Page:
It’s hard to look stupid and literally mutter through when I’m used to speaking clearly and communicating effectively.
Since I’m a 6’4 American who wears a baseball cap, everyone automatically starts talking in English. This shows the welcoming and friendly nature of the Portuguese people, but it makes it difficult to practice!
Padel has the built-in benefit of getting in a workout, meeting new people, and just generally being fun. Learning Portuguese (and any new language) is hard, with very few early benefits.
Yet, this painful struggle is a necessary part of learning. We know this, but we aren’t sure how to overcome.
This is where habit stacking comes in.
A positive habit stack, like gargling to activate your vagus nerve after you brush your teeth, is one way to make progress.
Or you can use a negative habit stack by not doing something you like until you complete the hard task for the day.
The choice is yours, and both can work. But with truly difficult learning goals, you need a powerful incentive.
Habit stacks are extremely powerful because you take the thing you want to do more of (like learning Portuguese) and tie it to the habit you already have.
I vowed I wouldn’t watch or listen to anything Survivor until I did at least 30 minutes of dedicated Portuguese work for the day.
Without fail, I listen to a Survivor podcast or watch old episodes of the show almost daily.
This method worked great because Survivor was something I was already doing.
I haven’t missed a day of Portuguese learning since I implemented this new rule, and my comfort and ability is growing.
Habit stacks are great for improvement with the tricky skills we want to learn. Try it if you find it hard to stay motivated.
Forget Everything You Think You Know and Be Coachable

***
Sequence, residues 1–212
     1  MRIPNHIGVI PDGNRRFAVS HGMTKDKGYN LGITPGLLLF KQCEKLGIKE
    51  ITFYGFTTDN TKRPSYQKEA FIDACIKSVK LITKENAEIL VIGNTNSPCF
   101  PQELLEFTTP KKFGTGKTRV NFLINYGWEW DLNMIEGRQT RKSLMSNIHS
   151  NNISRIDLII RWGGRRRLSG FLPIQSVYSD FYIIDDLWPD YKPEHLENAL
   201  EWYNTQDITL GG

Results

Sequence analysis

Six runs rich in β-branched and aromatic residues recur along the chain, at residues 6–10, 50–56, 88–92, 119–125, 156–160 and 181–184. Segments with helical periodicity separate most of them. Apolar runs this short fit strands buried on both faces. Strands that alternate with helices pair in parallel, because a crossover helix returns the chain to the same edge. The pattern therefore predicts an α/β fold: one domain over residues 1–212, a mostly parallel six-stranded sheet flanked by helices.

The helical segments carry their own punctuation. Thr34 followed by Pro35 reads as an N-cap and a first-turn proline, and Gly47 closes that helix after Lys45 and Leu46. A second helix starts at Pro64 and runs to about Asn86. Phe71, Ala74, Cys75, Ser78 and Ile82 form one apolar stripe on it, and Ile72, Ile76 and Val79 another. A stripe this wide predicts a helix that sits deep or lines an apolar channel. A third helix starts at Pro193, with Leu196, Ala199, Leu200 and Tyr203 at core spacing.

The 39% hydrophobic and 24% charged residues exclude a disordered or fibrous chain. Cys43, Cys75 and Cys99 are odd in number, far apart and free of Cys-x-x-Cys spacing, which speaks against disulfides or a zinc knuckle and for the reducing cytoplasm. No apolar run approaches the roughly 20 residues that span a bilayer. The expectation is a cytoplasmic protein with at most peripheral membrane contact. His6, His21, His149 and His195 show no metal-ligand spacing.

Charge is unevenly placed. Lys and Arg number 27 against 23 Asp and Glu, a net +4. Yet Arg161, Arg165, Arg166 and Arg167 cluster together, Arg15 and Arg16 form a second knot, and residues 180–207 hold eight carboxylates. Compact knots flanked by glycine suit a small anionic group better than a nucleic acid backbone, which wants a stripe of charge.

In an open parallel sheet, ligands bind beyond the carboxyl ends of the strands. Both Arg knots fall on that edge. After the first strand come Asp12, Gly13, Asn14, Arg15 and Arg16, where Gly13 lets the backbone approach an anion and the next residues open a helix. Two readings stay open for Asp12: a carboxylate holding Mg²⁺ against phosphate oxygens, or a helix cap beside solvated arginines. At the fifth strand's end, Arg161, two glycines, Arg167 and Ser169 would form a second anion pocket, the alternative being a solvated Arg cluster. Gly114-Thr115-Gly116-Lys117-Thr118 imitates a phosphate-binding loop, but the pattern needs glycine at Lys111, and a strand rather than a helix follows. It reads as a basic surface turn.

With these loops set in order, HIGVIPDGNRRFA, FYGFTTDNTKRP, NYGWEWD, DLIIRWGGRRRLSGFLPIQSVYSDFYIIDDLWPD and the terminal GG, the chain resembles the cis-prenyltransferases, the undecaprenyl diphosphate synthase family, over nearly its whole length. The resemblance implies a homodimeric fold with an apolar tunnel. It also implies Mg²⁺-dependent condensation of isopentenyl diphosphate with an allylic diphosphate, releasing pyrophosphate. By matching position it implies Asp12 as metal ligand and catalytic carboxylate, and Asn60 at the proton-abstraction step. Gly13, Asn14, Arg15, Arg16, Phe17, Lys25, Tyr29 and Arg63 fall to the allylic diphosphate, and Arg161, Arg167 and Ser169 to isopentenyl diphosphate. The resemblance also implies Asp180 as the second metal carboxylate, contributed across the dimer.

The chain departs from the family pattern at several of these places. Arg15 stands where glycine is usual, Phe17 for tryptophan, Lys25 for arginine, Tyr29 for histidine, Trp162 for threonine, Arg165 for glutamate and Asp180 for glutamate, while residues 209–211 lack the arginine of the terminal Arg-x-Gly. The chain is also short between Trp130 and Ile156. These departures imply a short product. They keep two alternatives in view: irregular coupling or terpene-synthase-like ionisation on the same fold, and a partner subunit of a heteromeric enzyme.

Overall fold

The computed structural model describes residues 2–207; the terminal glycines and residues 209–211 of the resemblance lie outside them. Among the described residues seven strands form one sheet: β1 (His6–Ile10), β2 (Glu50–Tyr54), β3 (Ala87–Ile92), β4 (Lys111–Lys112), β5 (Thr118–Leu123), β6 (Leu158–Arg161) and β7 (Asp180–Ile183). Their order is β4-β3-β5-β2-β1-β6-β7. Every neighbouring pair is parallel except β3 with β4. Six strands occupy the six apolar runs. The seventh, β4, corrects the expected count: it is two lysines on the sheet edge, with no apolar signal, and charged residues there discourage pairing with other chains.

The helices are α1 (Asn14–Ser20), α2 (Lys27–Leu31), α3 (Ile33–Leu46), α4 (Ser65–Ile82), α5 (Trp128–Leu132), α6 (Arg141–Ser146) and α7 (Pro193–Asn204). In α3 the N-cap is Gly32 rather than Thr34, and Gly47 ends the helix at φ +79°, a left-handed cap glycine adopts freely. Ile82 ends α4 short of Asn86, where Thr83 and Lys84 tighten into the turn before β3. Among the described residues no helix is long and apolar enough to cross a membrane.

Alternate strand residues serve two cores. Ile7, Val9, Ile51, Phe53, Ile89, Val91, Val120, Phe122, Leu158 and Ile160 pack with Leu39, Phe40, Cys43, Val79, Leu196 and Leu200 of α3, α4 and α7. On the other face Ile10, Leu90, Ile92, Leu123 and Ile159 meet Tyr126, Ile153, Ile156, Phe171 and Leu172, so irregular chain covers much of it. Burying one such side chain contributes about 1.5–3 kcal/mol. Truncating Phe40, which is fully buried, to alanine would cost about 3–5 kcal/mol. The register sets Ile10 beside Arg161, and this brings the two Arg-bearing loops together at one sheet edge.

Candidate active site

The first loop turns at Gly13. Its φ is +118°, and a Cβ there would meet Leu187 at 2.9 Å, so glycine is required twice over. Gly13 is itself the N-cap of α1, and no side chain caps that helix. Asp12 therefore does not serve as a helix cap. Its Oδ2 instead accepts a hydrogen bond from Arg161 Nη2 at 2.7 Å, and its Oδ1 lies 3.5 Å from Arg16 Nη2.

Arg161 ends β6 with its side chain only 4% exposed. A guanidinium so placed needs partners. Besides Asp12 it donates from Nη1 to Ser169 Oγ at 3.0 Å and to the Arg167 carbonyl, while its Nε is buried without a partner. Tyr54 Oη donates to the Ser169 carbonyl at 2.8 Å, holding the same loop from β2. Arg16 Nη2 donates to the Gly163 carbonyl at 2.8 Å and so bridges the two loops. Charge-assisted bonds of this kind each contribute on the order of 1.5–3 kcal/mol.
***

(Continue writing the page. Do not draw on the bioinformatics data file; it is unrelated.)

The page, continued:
My best skill was that I was coachable. I was a sponge and aggressive to learn. —Michael Jordan
My proudest moment in middle school baseball was winning the coach’s choice award.
I like to think I earned the trophy because I listened well and had a positive attitude, but it’s probably because I rode the bench with aplomb and never complained.
But at the end of the season, I came off the bench for our last game. I stepped up to the plate and crushed a line-drive home run to the opposite field. I put together all that I had learned and hit the team’s one and only homer for the season.
My coachability has stuck with me ever since. In fact, it’s been a core value I hold dearly. I live by this life motto:
If someone smarter and better at X tells me how to improve at X, I listen intently, take notes, and work hard to improve.
When my padel coach tells me to change my technique, I follow her advice. If my partner makes a suggestion on tactics, I listen. If I receive feedback from a well-meaning source, I take it to heart.
I was born with a tennis racket in my hand but that doesn’t mean I automatically know the sport of padel. It’s always better to embrace humility and kill your pride.
- Listen intently (i.e. leave your ego at the door).
- Take notes.
- Work hard to improve.
This coachable attitude not only sets your coach/mentor/teacher at ease, but if you use it effectively, you’ll see rapid improvement and growth.
What’s come before is okay. Now, make today and tomorrow your best yet.
All the best,